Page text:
General Question

josie's avatar

Why have Western capital execution methods gradually become more merciful?

Asked by josie (27384points) April 27th, 2011

There is a spot in the Piazza del Signoria that marks where Girolamo Savonarola was executed by Pope Alexander VI.
He was dangled by his neck over a fire so that he simultaneously strangled and burned to death. They broke his body into pieces and mixed them into the burning wood until there was nothing left.

That seems about as rough as it gets. It was in 1498.

Gradually, over time, Western countries have modified methods of authority sponsored killing, in an attempt to make them more quick and merciful, and then in most cases (except the US in particular) they stopped doing it altogether.
It’s good enough for me-I am opposed to the state or church killing a citizen or a heretic.
What is the reason for this “evolution” of attitude

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8 Answers

klutzaroo's avatar

The cultural and societal prohibition against “cruel and unusual punishment.” If you’re killing someone, the ultimate punishment, you don’t have to do it in a method that is prolonged or unnecessarily complicated. No matter how much they deserve having done to them what they did to others.


I think there’s two main reasons—-

1) societies, particularly Western societies, have become more liberal and hence more “politically correct” and socially more sensitive towards human rights, so the methods of corporal punishment have become “more humane” so to speak, “more civil”.

2) advances in technology have aided the development of more “humane” ways of disposing of criminals, for example, the use of chemical injections in the past couple of decades to execute criminals, rather than hanging them or electrifying them. Even as late as the early 60s, people were still being hung where I live.

lillycoyote's avatar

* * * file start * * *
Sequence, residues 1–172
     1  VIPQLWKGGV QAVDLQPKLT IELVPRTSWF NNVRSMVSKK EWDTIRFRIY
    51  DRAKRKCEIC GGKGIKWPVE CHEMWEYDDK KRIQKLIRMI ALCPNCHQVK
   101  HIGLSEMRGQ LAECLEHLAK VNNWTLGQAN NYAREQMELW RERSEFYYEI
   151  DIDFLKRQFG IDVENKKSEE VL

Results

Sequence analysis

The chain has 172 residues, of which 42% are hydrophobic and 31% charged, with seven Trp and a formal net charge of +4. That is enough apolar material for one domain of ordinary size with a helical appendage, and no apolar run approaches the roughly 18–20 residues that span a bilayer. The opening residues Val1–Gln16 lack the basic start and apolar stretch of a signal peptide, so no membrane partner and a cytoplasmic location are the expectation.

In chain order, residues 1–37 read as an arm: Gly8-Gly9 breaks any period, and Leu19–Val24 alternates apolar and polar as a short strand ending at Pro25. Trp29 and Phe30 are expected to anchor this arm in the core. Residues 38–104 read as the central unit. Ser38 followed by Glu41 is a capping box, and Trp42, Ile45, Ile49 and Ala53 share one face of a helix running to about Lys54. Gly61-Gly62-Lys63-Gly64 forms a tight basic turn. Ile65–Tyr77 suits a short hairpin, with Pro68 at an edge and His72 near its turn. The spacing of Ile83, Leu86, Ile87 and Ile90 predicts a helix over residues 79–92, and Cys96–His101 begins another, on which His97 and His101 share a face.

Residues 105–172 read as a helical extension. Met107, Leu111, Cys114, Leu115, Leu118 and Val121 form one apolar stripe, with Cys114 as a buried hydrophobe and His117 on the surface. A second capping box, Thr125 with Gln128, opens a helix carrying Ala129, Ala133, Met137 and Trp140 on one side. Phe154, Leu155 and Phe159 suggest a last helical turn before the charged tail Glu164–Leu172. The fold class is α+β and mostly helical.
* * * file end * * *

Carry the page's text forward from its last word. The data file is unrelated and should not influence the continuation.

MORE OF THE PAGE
Because western nations don’t like to believe themselves to be barbaric, in fact, almost all Western societies/nations have completely eliminated capital punishment. The United States is an exception, in that it still practices it at all.

SavoirFaire's avatar

People have become increasingly squeamish about the death penalty, and so its proponents have found ways of making it more palatable to the general public. The penalty those on death row have been sentenced to, after all, is death—not torture. More humane ways of killing people are better able to stick to the actual sentence, and they reflect the view that we’re not trying to make anyone suffer even though we’ve decided to permanently and irrevocably eliminate them from society.

dabbler's avatar

It changed from being a punishment to just a desperate “solution” because we were too shamed by the savagery of retribution, a milestone in civilization. The whole death thing we haven’t all got around to being sufficiently ashamed of yet.

incendiary_dan's avatar

Easier cleanup? My original answer was better PR.

flutherother's avatar

When the established order feels threatened it resorts to extreme measures to protect itself. When it feels secure it can act more humanely. We recently waterboarded someone 280 times so we can never be complacent and think the bad days are behind us. We also lock prisoners up in extreme isolation in supermax gaols, which is hardly humane.

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